16 Office Etiquette Rules

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As we spend more hours at the office, than we do at home, we all want to work in a pleasant, friendly and comfortable environment, no-one should feel uneasy in their work environment.

 

Let’s take a look at a few Etiquette rules to make your work experience more enjoyable:

 

  • Be on time – do your utmost to get to the office on time, if you are going to be late due to car troubles, traffic congestions, etc. be sure to notify your superior.
  • If you are sick stay at home – no-one else wants to get your illness, so keep your germs to yourself and stay at home until you are fully recovered. And let’s be honest how productive are you really going be.
  • Dress Appropriately – Even if the office has a casual dress code, leave the beach wear and PJ’s for just that! Follow the office guidelines in terms of hemlines and necklines, to avoid embarrassing clothing mishaps.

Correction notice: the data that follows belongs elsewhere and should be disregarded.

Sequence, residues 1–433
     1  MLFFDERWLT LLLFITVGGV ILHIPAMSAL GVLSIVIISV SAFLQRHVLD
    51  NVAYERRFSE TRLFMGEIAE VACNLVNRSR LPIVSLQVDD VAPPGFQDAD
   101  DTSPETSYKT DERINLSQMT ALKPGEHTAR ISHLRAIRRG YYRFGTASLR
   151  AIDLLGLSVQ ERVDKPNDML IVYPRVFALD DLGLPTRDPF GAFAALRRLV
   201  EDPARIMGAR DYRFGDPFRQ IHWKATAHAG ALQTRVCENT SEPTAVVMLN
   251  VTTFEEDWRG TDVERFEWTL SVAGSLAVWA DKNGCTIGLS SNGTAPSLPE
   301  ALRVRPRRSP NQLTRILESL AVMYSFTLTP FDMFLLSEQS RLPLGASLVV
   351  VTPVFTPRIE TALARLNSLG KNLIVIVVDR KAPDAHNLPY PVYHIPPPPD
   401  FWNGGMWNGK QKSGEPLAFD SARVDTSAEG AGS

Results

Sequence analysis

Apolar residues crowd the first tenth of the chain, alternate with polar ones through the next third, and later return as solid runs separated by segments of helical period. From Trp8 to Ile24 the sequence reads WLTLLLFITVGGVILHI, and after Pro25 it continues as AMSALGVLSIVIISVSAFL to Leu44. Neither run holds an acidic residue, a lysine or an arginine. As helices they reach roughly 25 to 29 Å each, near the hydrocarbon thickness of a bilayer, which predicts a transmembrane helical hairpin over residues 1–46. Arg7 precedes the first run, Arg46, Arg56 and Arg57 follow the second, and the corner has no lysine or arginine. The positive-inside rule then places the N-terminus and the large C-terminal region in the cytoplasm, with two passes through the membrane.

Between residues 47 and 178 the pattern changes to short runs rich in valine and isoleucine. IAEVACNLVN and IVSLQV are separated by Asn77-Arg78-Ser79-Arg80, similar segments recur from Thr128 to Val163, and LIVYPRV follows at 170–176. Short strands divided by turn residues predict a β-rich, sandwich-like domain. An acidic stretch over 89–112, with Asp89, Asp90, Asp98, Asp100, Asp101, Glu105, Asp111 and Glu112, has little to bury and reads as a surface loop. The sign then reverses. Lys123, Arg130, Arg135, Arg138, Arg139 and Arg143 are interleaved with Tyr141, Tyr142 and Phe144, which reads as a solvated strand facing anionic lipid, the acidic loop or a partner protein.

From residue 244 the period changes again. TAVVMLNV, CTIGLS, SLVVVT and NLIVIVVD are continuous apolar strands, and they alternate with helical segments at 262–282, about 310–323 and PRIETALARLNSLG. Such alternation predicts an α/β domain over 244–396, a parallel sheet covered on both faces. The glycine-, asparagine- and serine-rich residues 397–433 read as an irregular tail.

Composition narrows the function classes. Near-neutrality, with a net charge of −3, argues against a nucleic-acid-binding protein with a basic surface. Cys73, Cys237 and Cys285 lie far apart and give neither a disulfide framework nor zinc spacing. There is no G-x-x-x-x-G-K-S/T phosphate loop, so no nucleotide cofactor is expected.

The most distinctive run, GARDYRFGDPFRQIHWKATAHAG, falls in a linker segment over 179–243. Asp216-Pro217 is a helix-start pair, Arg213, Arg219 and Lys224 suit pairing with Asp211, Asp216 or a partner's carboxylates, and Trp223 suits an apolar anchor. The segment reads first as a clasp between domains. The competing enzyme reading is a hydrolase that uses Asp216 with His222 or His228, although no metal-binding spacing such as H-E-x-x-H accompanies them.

• Be Respectful of others Space – No-one likes to have people invade their personal bubble, so be mindful of your colleague’s space too! Don’t help yourself to their stationery or refreshments either, always ask first.
  • Telephone Etiquette – Don’t speak loudly in an open plan office, especially private calls, no one else needs to or wants to hear your business. Leave the office and take your call outside.
  • Mute your cell phone – Ringing cell phones and message alerts are very distracting for those around you, so always be mindful of this.